MARTINEZ -- For 23-year-old Gino Romiti, Thursday will be a day to celebrate.

Six months after passage of the federal health reform law, major provisions will kick in that supporters say will make it easier for Americans to get and keep health insurance, including young people like Romiti.

Romiti has taken a semester off school and is working at a clothing store in Walnut Creek that does not provide health insurance. He has been on his father's policy, but would have soon lost that coverage because he is not a student.

That will change beginning Thursday, however, when he and other young people can remain on their parents' policies up to age 26.

"Now they know that they can stay on the policy of their families," said Rep. George Miller, D-Martinez. "That's one less tension that they have."

Miller, one of three committee chairmen who helped draft the health care legislation, held a news conference Monday in front of Contra Costa Regional Medical Center in Martinez with Rep. John Garamendi, D-Walnut Grove, to highlight the new provisions they are calling the "patient's bill of rights."

Among the major changes: Insurance companies will no longer be able to cancel policies because someone becomes sick, set lifetime caps on coverage or deny insurance to children with pre-existing conditions.

"These are real protections against insurance company abuses," Miller said. "These protections mean that never again will your insurance run out or be taken away from you when you need it the most."

"Isn't it about time America did this?" asked Garamendi, a former state insurance commissioner. "Insurance companies -- you're going to have to toe the mark."

Miller and Garamendi made their comments as Republican opponents of the legislation are seeking to pick up additional seats in the November election and overturn the health care reforms.

Critics call it too costly and unwieldy, with too many onerous restrictions. Many critics are especially opposed to a mandate that everyone obtain insurance, which will take effect in 2014.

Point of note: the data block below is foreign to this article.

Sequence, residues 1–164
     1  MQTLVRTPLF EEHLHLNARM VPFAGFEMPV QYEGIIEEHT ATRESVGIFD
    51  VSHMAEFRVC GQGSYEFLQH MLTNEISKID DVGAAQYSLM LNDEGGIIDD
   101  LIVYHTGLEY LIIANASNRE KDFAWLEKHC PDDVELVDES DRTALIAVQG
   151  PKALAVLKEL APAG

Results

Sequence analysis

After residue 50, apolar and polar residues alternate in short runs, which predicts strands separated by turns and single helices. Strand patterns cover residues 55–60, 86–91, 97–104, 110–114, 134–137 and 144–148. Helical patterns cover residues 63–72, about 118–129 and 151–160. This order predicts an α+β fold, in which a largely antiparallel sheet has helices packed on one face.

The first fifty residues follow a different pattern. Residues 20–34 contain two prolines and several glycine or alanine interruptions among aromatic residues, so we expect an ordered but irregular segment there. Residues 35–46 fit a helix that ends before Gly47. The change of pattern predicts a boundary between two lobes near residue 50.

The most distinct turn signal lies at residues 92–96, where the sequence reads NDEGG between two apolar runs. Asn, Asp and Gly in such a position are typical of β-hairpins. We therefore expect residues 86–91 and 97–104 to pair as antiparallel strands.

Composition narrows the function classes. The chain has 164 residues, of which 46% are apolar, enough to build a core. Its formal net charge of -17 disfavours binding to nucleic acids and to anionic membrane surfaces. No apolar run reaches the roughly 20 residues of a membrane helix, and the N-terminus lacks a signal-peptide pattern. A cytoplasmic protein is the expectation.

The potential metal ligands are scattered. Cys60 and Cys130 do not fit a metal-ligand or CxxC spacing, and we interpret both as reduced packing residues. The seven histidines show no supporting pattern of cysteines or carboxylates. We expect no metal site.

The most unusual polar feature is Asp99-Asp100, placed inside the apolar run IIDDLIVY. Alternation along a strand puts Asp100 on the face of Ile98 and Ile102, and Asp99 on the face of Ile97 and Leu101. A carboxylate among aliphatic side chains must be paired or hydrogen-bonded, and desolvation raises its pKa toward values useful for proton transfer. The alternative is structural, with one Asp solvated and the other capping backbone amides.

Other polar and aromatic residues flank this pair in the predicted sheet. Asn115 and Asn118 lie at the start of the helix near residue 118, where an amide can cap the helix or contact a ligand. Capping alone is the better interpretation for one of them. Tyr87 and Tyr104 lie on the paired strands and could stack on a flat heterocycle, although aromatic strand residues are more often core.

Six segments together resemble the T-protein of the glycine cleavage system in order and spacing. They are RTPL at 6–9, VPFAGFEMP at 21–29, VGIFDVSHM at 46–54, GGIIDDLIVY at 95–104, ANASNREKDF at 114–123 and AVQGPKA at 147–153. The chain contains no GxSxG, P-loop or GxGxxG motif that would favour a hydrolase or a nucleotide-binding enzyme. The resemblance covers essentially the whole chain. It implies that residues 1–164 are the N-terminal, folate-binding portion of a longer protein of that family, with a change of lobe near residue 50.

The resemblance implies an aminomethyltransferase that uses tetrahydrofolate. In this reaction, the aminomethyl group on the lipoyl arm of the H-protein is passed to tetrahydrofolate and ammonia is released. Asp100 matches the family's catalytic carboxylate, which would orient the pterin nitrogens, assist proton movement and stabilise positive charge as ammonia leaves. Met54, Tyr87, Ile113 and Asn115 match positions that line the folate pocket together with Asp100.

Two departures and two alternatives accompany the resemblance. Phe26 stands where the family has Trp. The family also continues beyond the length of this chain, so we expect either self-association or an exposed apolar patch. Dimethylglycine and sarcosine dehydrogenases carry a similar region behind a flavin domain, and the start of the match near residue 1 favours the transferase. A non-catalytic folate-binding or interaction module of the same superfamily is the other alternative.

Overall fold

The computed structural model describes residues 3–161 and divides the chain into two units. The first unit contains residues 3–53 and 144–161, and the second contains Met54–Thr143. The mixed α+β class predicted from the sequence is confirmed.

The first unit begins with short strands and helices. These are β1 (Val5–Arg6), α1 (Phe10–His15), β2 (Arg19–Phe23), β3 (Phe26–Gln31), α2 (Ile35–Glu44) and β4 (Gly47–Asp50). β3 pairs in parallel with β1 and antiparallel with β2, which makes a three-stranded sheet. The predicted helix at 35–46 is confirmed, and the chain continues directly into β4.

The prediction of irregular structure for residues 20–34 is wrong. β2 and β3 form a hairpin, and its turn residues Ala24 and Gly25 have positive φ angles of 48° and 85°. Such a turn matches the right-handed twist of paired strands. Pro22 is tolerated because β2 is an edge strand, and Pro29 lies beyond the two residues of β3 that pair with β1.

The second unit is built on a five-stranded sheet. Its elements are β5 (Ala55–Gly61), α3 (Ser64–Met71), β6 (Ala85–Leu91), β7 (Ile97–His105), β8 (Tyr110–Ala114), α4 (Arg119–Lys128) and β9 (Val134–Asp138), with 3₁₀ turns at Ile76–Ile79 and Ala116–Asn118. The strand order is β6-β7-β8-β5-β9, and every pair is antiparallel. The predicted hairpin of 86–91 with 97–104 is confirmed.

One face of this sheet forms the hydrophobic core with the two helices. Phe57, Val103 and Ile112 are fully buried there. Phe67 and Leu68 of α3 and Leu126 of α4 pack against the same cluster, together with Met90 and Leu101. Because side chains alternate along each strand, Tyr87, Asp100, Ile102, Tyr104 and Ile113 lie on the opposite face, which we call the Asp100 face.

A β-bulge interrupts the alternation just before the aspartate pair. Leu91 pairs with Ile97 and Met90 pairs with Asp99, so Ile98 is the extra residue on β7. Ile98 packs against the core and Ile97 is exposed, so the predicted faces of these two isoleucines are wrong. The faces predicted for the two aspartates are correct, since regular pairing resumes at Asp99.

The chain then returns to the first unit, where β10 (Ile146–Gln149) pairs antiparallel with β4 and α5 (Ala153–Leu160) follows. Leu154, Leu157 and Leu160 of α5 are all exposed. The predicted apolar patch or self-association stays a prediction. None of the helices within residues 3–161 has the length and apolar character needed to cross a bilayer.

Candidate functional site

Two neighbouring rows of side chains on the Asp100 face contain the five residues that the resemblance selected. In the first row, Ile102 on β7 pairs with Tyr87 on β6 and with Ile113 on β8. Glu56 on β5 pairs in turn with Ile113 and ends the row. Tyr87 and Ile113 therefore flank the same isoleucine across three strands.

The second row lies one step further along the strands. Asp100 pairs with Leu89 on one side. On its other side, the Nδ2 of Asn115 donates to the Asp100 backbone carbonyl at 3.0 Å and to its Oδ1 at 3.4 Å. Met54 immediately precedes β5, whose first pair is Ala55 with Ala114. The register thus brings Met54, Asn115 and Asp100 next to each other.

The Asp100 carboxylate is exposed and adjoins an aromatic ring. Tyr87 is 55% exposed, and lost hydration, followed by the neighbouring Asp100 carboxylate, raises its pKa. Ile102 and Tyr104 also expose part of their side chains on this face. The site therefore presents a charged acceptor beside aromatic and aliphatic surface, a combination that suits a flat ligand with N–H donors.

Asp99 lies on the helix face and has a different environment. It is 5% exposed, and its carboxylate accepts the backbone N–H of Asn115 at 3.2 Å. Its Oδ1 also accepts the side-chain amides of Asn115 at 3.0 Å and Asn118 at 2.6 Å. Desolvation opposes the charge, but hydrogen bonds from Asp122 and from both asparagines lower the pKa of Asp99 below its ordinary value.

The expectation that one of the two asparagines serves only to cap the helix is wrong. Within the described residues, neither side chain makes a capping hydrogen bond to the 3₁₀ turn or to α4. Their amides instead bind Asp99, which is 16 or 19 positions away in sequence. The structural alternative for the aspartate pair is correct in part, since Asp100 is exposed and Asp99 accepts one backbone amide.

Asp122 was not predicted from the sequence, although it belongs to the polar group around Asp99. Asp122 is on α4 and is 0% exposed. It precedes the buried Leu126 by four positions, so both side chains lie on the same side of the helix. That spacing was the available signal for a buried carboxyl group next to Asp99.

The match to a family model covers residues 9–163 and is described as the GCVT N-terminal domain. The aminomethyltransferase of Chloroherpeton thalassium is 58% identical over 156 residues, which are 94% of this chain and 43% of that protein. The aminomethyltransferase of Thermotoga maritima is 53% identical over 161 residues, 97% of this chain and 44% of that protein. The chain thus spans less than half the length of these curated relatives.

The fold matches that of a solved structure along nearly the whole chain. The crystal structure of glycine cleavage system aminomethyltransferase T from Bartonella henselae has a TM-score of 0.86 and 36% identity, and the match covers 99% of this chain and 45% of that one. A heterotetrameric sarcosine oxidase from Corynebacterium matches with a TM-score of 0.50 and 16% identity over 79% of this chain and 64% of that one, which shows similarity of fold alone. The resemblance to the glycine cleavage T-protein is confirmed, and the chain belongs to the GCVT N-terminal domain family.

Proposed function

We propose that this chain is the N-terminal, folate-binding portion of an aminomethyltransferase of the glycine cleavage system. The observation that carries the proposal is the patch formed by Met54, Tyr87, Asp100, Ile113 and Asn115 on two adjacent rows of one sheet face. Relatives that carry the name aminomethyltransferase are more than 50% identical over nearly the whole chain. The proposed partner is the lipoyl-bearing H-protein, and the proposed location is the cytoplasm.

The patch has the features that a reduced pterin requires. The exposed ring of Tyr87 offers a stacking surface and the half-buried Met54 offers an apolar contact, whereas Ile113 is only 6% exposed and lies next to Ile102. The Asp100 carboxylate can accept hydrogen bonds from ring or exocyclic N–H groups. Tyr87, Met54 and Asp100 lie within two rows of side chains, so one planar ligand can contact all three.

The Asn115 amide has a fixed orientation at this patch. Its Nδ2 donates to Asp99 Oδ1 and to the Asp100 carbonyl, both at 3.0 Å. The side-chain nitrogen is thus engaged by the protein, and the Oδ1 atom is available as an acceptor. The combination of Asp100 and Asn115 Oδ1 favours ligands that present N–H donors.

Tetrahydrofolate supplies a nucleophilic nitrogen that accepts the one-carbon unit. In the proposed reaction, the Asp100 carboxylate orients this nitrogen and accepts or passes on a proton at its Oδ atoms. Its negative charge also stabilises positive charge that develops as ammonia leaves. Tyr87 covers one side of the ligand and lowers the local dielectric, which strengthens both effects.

Miller and Garamendi, who were joined by Bill Walker, director of Contra Costa Health Services, vowed Monday to join other supporters in a vigorous battle to keep the measure in place.

"For those people out there that want to see this repealed, understand what you're doing," Garamendi said. "If there's going to be a fight, then let us fight on this issue."

In addition to enabling young people to remain on their parents' policies up to age 26, several other major provisions kick in on Thursday. They will be in effect during the next insurance "open season" for consumers who receive coverage through an employer or the next time a consumer re-enrolls in or purchases a policy from an insurer.

People can go to www.healthcare.gov to learn more.

Under the new rules:

  • Health coverage cannot be arbitrarily canceled when people becomes sick just because they made unintentional mistakes on their paperwork. Insurers will be prohibited from rescinding coverage except in cases involving fraud or intentional misrepresentation of facts.

  • Children can no longer be denied coverage because of pre-existing conditions. This protection applies to all health plans except "grandfathered" plans in the individual market. These protections will be extended to adults starting in 2014.

  • Health plans can no longer put a lifetime limit on health coverage. More than 100 million Americans now have coverage with such limits.

  • Annual limits on coverage will be phased out over three years. Annual limits are less common than lifetime limits -- but 19 percent of individual market plans and 14 percent of small employer plans currently use them. For plan years beginning on September 23, the minimum level for the annual limit will be set at $750,000. This minimum will be raised to $1.25 million in a year and $2 million in two years. In 2014, all annual limits are prohibited.

    The changes are good news for Julie Walters, a Martinez native, whose daughter, Violet, was born two years ago with a rare and life-threatening form of epilepsy because of a gene mutation. The bills for Violet's hospital stays have reached hundreds of thousands of dollars.

    Without the changes in federal law, Walters predicts that Violet would have reached the lifetime limit on health insurance by the time she is 4 years old. She joined Miller and Garamendi in supporting the changes on Monday.

    Reach Sandy Kleffman at 925-943-8249.